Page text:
A Search for Ourselves
Wednesday, December 20, 2006
Here's a way to test your Web savvy: Have you searched for the word Bebo?
On Google's annual top 10 list of the hottest search words and phrases, Bebo -- an online social network that's popular in Britain and starting to gain traction in the United States -- took the top spot, followed by MySpace, World Cup, Metacafe and Radioblog.
Each year, Google, the most popular search engine, releases an annual "zeitgeist" of the search terms that gained the most in usage in 2006, giving the world a peek behind its bare-bones home page and a window into the world's mind. This year, in addition to the predictable current events, celebrities and trends summing up 2006, Google's list seems to support the idea behind Time magazine's Person of the Year award, which was given to "You."
The top search terms were words related to user-generated content, such as blogs, social networking sites and podcasts.
Metacafe is a competitor to YouTube, the leading online video site, which surprisingly did not make Google's global top 10 list, while Radioblog is a tool used for streaming audio on a Web site.
"Zeitgeist, to us, is a measure of the pushpins in the bulletin board of worldwide understanding of what we want to know," said Douglas Merrill, Google's vice president of engineering, who analyzes the most rapidly growing search terms every week for clues about the online world's interests. "It's things in the world we want to care about."
In terms of news, the world is unequivocally interested in Paris Hilton, the socialite celebrity who topped Google's most-searched-for on the search engine's news site, which posts the most current news stories from a variety of outlets. Hilton was followed by actor Orlando Bloom and then cancer.
This year's news list contained a hodgepodge of topics, from serious to frivolous. Podcasting came in at No. 4, followed by Hurricane Katrina and bankruptcy. The list continues with Martina Hingis, a tennis star; autism; the NFL draft; and "Celebrity Big Brother."
"It shows exactly what the Web does brilliantly: It unites the famous and infamous and high and low culture," said Lucian James, president of Agenda Inc., a pop-culture branding company in San Francisco. "It shows how quickly the Web creates new things and recycles old ideas."
Among those who type their searches in the form of a question, there's interest in current events and prescription drugs. Aside from Hezbollah, which came in first, users were looking for definitions of carisoprodol (a muscle relaxant), acyclovir (an antiviral medication used to slow the growth of herpes), alprazolam (an anti-anxiety medication) and Xenical (a drug that reduces fat absorption). Also in the top 10 was a request for the definition of Ajax, a computer technology for building interactive Web applications.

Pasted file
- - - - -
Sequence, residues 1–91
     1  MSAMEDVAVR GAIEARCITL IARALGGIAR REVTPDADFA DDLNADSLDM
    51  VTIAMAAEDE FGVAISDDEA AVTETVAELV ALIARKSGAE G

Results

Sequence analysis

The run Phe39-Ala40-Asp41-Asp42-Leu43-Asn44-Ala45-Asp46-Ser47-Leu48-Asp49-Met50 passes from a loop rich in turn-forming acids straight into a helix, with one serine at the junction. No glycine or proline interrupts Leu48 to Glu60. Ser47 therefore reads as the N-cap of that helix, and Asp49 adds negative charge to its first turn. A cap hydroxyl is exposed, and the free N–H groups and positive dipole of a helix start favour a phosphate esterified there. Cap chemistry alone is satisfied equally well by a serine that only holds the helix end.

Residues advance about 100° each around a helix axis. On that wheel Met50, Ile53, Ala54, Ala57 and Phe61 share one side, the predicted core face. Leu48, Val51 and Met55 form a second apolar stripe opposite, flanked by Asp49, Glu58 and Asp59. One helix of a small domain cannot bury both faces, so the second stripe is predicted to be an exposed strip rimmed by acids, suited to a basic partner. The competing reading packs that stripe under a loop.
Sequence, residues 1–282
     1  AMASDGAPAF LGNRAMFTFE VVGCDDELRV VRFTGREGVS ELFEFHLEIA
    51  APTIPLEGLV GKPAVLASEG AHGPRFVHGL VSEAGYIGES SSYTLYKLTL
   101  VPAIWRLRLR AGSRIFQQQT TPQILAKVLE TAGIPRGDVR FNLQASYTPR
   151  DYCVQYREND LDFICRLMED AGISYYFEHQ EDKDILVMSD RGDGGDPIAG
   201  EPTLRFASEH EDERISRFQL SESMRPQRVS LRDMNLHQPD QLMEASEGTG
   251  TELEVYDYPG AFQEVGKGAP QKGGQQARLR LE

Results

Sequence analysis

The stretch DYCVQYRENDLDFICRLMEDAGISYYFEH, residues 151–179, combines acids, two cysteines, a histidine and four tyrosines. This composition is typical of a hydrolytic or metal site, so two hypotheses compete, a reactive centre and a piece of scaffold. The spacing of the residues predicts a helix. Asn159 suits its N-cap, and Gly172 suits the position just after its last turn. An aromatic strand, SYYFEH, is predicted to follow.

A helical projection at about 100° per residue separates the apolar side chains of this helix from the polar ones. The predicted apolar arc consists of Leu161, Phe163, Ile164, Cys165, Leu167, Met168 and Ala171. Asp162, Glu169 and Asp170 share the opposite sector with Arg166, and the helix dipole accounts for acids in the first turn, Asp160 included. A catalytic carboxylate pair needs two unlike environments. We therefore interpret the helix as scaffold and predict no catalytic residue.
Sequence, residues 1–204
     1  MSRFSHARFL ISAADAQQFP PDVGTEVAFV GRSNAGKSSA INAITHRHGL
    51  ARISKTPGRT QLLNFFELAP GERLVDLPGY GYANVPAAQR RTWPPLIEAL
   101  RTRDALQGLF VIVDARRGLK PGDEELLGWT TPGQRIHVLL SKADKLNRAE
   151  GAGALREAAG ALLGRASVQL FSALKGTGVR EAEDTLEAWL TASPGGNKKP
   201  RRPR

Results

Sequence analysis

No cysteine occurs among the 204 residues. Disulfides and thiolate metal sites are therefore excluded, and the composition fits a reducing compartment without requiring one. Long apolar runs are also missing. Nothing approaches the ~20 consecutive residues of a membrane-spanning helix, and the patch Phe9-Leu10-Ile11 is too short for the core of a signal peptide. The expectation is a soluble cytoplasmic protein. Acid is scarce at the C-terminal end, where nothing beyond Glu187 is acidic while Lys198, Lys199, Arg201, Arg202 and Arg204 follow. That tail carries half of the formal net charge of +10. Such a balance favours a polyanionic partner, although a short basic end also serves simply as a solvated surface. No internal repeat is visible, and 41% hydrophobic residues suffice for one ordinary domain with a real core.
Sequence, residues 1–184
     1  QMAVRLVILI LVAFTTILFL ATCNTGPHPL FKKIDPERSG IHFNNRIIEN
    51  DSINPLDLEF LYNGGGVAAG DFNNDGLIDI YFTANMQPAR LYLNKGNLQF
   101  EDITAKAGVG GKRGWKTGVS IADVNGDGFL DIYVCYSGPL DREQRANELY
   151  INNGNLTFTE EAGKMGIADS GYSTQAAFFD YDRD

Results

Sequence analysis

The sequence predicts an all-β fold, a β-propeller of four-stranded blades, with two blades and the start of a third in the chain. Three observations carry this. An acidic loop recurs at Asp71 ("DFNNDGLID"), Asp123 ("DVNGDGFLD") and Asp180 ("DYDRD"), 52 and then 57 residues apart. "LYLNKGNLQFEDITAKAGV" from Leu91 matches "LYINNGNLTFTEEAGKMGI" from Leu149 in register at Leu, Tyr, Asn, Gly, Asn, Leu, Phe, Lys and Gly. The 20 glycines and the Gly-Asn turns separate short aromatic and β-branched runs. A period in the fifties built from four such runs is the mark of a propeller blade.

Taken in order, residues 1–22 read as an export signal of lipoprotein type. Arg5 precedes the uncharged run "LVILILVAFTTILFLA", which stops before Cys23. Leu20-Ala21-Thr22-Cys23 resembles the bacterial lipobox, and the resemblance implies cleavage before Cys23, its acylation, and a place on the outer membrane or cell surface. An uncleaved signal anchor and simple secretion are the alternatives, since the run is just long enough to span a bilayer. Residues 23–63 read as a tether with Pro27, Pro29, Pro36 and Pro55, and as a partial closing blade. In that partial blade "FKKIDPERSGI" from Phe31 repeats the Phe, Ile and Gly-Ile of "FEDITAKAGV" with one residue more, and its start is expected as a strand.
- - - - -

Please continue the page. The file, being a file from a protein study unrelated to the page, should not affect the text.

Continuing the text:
The list of "how to" questions typed into Google's search box shows that Web surfers want to know more about creating their own online content. At the top of the list was "how to refinance," a reflection of the changing real estate market. But after that, users were interested in knowing how to wiki, podcast and blog.
Google said its annual list does not reflect the most-searched-for terms by volume; rather, it selects the fastest-growing search terms and removes those that are always very popular, such as searches for Web sites that host free e-mail accounts or adult content. Google does not reveal how many searches it takes to reach the top 10, but it said millions of searches are conducted each day.
"We view Google as the entryway for things to the Internet," Merrill said. "We're looking for things that have changed this year and what's new and interesting."
One larger trend, Merrill said, is that this year's Google searches reflect more of an international audience -- the eighth-fastest-growing search term this year was "rebelde," the name of a popular Spanish-language soap opera and a Mexican pop band.
The list also sheds some light on how people are using Google beyond just searching. Bebo and MySpace appearing in the No. 1 and No. 2 positions doesn't necessarily mean that people are trying to learn more about the social networking sites, Google said. Instead, many people choose to type the name of the Web site into the search box rather than type the Web address into the browser.
John Battelle, author of "The Search: How Google and Its Rivals Rewrote the Rules of Business and Transformed Our Culture," said the list shows that young people conduct a high volume of Internet searches and explains how they use the search engine.
"For a very large number of people, Google is the navigational tool, not the navigational bar at the top" of a Web browser, he said. Up to 20 percent of all searches are used as a means to get to a specific Web site, not to find information, he said.
Battelle said Google's annual list is a "tease" of all that Google knows about Internet users and their habits. The list "makes you think, 'Wow, what do they know that we don't know, and how powerful the company is to have this information and refine their products and services based on those answers,' " Battelle said.